JDC Uses Moscow Theatre to Bridge Generational Gaps

The American Jewish Joint Distribution Committee (JDC), along with World ORT, two organizations funded in large part by your support of Federation exist to support the many needs of Jews around the globe as well as help engage younger generations to form a strong worldwide Jewish community for generations to come.

As the 60 elderly clients of JDC’s Hesed social welfare centers in Moscow entered the city’s ORT Moscow Technology School, they were swarmed by students. Delighted, they began answering dozens of their questions – thrilled to be back in school again.

The group was there for a special event, a performance of the play “Dreyfus,” based on the Jean-Claude Grumberg book about Jews living on the outskirts of Vilnius in 1930. In the book, a group of Jewish artists in the village enjoy amateur theater, usually performing melodramas and satires. But when the theater’s director writes a political play about the Dreyfus affair, the actors eventually all find themselves in concentration camps.

“We’ve performed this play four times before, but today we are more excited than ever before,” said one 10th-grade actress. “This is first time we’re going to perform in front of real-life witnesses to the kind of events we describe in the play.”

After the play, the Hesed clients – from the city’s Nadezhda, Etel, and Yad Ezra centers – silently left the theater. Many had tears in their eyes.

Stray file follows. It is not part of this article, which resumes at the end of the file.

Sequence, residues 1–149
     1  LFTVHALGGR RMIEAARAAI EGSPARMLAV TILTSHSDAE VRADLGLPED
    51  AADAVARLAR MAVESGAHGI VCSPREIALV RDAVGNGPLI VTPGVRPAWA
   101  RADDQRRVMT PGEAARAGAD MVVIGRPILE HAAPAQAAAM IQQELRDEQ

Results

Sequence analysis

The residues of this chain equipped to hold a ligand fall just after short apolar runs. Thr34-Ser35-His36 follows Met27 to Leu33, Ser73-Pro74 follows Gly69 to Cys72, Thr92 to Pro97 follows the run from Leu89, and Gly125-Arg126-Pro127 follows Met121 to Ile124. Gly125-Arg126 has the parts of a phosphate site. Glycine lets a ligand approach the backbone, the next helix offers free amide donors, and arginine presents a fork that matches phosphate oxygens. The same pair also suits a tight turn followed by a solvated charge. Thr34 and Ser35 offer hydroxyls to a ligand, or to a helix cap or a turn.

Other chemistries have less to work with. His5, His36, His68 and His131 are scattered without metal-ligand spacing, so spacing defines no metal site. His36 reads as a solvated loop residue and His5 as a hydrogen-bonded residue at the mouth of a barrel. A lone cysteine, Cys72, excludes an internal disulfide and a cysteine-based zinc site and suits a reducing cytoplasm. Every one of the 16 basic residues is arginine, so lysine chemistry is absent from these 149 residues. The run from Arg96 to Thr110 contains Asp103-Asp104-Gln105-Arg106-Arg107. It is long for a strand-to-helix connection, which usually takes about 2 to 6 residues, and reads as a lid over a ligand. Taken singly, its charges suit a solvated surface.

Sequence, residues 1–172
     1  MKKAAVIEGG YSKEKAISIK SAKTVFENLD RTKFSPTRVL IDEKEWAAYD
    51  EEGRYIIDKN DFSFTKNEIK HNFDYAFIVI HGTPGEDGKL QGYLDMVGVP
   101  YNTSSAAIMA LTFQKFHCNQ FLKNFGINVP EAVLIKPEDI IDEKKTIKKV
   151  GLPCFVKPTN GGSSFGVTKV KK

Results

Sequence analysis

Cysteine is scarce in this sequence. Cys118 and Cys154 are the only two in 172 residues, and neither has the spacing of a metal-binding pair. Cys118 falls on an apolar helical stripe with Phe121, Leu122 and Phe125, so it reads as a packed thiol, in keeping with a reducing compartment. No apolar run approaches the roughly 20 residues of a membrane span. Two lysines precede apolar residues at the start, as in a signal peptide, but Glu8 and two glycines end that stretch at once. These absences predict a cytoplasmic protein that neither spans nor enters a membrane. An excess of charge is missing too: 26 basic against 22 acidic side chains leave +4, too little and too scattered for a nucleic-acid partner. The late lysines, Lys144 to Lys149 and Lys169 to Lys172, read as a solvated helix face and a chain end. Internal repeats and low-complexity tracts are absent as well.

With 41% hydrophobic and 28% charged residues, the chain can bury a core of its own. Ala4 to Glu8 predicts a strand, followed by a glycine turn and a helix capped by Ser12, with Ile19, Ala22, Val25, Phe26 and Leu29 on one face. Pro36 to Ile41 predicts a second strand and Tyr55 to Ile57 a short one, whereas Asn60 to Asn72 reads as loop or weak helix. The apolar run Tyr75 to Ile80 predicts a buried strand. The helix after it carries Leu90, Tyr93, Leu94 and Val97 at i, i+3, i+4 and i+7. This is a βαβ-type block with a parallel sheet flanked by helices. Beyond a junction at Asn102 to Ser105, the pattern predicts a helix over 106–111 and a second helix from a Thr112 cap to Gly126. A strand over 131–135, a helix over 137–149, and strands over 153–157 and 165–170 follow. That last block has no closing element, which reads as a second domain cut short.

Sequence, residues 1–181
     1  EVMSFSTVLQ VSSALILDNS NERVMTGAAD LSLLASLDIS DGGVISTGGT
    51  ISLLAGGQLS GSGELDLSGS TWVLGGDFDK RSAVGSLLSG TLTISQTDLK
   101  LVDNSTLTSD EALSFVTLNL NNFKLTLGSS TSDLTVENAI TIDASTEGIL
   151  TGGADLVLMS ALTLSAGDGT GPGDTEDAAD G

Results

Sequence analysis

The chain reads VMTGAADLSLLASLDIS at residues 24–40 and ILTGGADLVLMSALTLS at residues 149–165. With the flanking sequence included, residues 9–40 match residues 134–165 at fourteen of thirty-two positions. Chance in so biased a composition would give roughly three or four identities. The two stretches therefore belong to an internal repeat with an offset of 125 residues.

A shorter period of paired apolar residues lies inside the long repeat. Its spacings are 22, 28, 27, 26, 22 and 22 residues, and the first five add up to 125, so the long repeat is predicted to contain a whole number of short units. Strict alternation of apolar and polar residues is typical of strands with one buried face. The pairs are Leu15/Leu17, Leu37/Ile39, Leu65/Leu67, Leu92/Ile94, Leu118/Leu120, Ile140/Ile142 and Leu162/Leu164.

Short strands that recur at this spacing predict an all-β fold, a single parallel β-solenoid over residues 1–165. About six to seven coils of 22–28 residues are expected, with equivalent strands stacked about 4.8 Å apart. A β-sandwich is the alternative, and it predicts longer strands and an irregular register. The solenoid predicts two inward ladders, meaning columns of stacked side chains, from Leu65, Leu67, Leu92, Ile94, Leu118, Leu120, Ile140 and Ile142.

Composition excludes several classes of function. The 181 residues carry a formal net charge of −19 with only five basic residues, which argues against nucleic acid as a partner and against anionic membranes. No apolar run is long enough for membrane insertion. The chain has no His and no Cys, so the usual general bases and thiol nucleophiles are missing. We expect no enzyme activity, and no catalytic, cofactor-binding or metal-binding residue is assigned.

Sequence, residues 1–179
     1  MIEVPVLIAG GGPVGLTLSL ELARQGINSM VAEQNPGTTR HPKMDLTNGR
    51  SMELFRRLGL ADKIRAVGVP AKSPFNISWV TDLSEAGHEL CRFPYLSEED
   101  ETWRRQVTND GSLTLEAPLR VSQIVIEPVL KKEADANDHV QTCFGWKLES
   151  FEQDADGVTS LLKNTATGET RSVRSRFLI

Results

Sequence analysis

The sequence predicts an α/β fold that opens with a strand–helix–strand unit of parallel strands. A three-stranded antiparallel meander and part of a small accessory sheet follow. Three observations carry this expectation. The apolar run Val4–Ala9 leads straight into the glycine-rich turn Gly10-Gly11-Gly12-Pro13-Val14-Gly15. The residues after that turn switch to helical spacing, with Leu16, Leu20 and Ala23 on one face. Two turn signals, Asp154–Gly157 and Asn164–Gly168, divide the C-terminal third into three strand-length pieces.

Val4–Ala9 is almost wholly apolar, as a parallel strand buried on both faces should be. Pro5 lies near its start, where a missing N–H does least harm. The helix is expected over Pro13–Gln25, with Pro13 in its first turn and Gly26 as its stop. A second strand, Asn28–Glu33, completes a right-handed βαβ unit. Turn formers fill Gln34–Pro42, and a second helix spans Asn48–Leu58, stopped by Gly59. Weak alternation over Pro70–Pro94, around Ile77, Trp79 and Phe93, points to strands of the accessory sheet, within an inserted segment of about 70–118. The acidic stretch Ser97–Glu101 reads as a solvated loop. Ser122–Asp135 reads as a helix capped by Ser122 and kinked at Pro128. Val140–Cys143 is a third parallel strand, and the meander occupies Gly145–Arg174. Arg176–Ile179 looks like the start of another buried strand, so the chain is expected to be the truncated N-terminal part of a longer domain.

“The atmosphere of the shtetl was recreated,” one Hesed client said. “We even heard it in the language, traditional Jewish expressions we remembered from our parents but we hadn’t heard in years.”

One young actor said the play’s themes resonated with Russian society today.

“We have to talk about these kinds of issues, to pay attention to what happened to ensure it never happens again,” he said.

Another young actress said she found it difficult to portray an anti-Semitic character.

“I’m Jewish and for this role, I had to overcome my own nature, to say things like, ‘Jews, I hate you,’ and ‘I want to kill you,’” she said. “Luckily, I believe that the events that happened then would never happen again.”

The experience was meaningful for both the teens and the elderly clients – an event to remember for vulnerable Jews who rarely get the chance to leave their homes.


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